Thanks to Tolstoy, everybody knows that each unhappy family is unhappy in its own way.
Maybe that's not quite the same as saying that unhappy families make the best stories?
But one could make an argument for that, with Elizabeth Crane's We Only Know So Much.
"At the moment, the Copeland family is a bit at odds."
But you wouldn't know it to look at them. Nor would you suspect it from the book cover.
The cover photograph is striking, with its colonial frame house, traditional black and white with bright red gables, largely obscured by tree cover.
It's an appropriate image, because the Copeland family is seemingly a quintessential American family, but its members are largely concealed (not only from each other, but from their own selves).
The cover image suggests safety and comfort, but the font of the title suggests an impromptu element, something messy if not chaotic. And the cardinal, in-flight, is a mark of whimsy or desperation, depending on the reader's perspective on the situation.
And, inside, the Copeland family. At odds. Unhappy. Or, mostly.
Here's how Elizabeth Crane summarizes it about 25 pages into the novel:
"Review: difficult daughter, know-it-all dad, son sweet and okay if a little weird, mom delayed potential/having affair, great-grandmother bitchy, grandad losing it. So we know where we're starting."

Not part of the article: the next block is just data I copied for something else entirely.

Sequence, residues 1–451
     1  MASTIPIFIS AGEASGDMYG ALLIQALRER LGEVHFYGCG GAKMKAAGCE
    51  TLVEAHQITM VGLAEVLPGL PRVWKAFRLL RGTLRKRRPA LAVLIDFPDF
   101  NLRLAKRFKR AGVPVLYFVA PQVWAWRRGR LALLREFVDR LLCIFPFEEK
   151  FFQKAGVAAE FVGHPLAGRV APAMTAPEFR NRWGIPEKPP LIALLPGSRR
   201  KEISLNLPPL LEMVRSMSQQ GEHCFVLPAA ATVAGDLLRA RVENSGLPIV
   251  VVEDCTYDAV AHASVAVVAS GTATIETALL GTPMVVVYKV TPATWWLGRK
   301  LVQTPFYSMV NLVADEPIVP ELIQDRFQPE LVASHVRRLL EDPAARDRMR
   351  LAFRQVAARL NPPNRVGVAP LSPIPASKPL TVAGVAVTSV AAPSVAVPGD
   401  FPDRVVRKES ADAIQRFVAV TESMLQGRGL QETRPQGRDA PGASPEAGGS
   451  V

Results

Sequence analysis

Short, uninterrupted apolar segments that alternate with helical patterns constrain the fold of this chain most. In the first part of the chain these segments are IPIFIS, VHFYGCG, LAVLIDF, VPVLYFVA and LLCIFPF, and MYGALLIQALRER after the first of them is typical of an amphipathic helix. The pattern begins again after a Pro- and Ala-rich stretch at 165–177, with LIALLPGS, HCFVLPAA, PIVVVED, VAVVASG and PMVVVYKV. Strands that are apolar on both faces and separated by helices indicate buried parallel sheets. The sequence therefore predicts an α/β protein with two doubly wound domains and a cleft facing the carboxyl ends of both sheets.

She speaks to you directly, engages the reader directly. WE know where WE're starting.
(This kind of direct address doesn't suit every reader, but I've liked it from the moment I discovered "Dear Reader, I married him".)
The "we" as narrative device is actually more appropriate used in this way than it would have been to have portrayed the family as a "we".
The Copeland family is clearly a collection of "me"s not a "we". They orbit this lovely home like satellites whose paths remain stalwartly distinct.
Take Gordon, the patriarch, previously described as the "know-it-all dad", who is a man standing alone.
"He knows they haven't slept together for a while, chalks it up to 'marriage', tells himself it will change, and that it doesn't mean they don't love each other. But without a doubt this childish quiz has planted a seed. We'll see if he reaps it." (103)
Elizabeth Crane's tone is playful, though not light.
The Copeland family is in crisis.
The chapters are splintered among and by perspectives. Voices are largely internalized, with the occasional dialogue appearing in italics. As much as the reader is included in the "we", they are clearly on the margins of this family's experiences.
And, yet, the novel moves along at a steady pace as the crisis transforms the landscape of the story.
We Only Know So Much is an engaging story. Otis' crosswords, the jelly beans, the bookclub, Jean's imagined magazine article titles, Theodore's papers, the pop culture references, Gordon's trivia onslaught: these details coalesce into a narrative with heart.
Stylistically, we find more whimsy than crafting, but these characters do have staying power. (Whenever I heard the names Gordon, Jean, Priscilla, Otis, Vivian and Theodore, for weeks after I read this, I thought back to Elizabeth Crane's novel.)